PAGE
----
Photo: Daimler Global Media

Mercedes AMG’s dominant pace marred by pit lane incidents

Mercedes AMG was fastest of the three DTM manufacturers at the Hungaroring today, locking out the first five positions of the grid and placing six cars in the top seven. The team was set for a dominant race, but the incidents in the pit lane, with Lucas Auer and Edoardo Mortara running over mechanics and marshals, turned the fortunes for them.

Auer started from pole position and led in the initial stages. However, rain started falling over the Hungaroring on lap four and Pascal Wehrlein took the lead from his team-mate before the Austrian headed into the pits when the dramatic incident occurred.

“After the incident at the pit stop, sadly, my heart wasn’t in the race anymore. Sure, I still finished, but all I wanted to know was how the two race marshals are doing. I didn’t care about anything else,” said the Austrian.

The incident, as it happened to Mortara a lap later, was blamed on the nature of the surface of the work lane of the pits. Auer said: ”There are two different types of surface in the pit lane, and I was already coming in as slowly as possible. But I couldn’t steer anymore, so I just slid straight ahead into the collision. I was only a passenger in the car. This kind of thing cannot be allowed to happen again.”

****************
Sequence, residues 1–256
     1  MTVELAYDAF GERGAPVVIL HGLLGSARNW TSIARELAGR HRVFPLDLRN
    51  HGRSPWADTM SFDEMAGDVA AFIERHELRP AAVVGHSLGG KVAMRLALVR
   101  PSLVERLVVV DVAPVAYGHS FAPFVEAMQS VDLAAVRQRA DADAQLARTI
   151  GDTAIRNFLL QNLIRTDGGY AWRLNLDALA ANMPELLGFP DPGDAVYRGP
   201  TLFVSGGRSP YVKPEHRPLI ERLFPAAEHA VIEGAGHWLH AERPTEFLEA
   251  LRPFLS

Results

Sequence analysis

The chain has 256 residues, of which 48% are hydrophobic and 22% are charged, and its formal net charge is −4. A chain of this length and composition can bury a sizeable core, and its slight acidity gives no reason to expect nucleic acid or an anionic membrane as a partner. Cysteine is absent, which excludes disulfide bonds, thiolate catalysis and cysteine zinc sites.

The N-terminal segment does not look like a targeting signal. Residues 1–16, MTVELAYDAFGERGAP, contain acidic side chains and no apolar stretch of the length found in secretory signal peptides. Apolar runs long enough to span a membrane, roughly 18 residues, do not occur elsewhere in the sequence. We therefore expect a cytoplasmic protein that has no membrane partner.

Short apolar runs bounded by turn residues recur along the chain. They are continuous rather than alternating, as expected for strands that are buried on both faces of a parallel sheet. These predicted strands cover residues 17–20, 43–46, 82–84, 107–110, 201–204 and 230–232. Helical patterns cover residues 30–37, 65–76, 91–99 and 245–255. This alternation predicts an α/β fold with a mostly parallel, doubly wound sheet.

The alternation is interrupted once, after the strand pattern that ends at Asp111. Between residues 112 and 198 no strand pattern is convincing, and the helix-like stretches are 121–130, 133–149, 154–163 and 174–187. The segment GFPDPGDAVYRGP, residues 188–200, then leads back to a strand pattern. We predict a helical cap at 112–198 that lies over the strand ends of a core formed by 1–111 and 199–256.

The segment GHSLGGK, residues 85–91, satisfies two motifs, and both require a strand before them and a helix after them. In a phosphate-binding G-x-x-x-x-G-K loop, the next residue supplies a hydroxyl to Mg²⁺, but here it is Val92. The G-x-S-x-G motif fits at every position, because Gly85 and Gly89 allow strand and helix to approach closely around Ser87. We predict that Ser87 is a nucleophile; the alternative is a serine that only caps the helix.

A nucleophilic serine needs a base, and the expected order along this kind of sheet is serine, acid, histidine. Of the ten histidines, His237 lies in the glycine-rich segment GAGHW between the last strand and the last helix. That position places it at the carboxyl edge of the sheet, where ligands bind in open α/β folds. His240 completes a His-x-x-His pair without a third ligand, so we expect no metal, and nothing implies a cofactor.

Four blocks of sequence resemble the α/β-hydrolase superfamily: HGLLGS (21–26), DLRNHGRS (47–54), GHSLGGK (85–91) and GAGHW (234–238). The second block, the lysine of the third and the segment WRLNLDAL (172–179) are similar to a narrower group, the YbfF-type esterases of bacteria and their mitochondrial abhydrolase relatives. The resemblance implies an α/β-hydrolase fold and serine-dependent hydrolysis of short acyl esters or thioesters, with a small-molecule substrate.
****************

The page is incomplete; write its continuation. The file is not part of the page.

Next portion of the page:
Mortara found himself in an equally dangerous situation: “As I entered the pit lane, it was under water and there was an ambulance and marshals everywhere. As soon as I touched the brake pedal ever so lightly, the wheels locked up and I just drove straight towards the mechanics and the pit equipment.”

“I’m just glad that nothing happened to any of my mechanics in this incident, and I am very sorry that things didn’t work out quite so well for the marshal with the broken leg. I wish him a speedy recovery,” said the Italian.

Paul di Resta charged in the latter stages of the race to salvage fifth position, little consolation after the promising pace showed in qualifying: “We were left trying to salvage something after the red flag. We maximised that, but as a manufacturer of course, you have to be a bit disappointed because we didn’t capitalise on everything we had. But hey, that’s racing.”

Mercedes AMG’s DTM boss Ulrich Fritz’ first thoughts were also for the injured marshals: “After incidents like the ones we’ve seen today, the sporting outcome is obviously of secondary importance. We wish all the injured a rapid recovery.”

The Stuttgart-based manufacturer still leads the championship table with 297 points, but only 57 ahead of BMW Motorsport that placed all six cars in the points.

“After the level of performance we have been putting in all weekend, it’s a bitter disappointment to come away virtually empty-handed. But that too is part of motorsport,” concluded Fritz.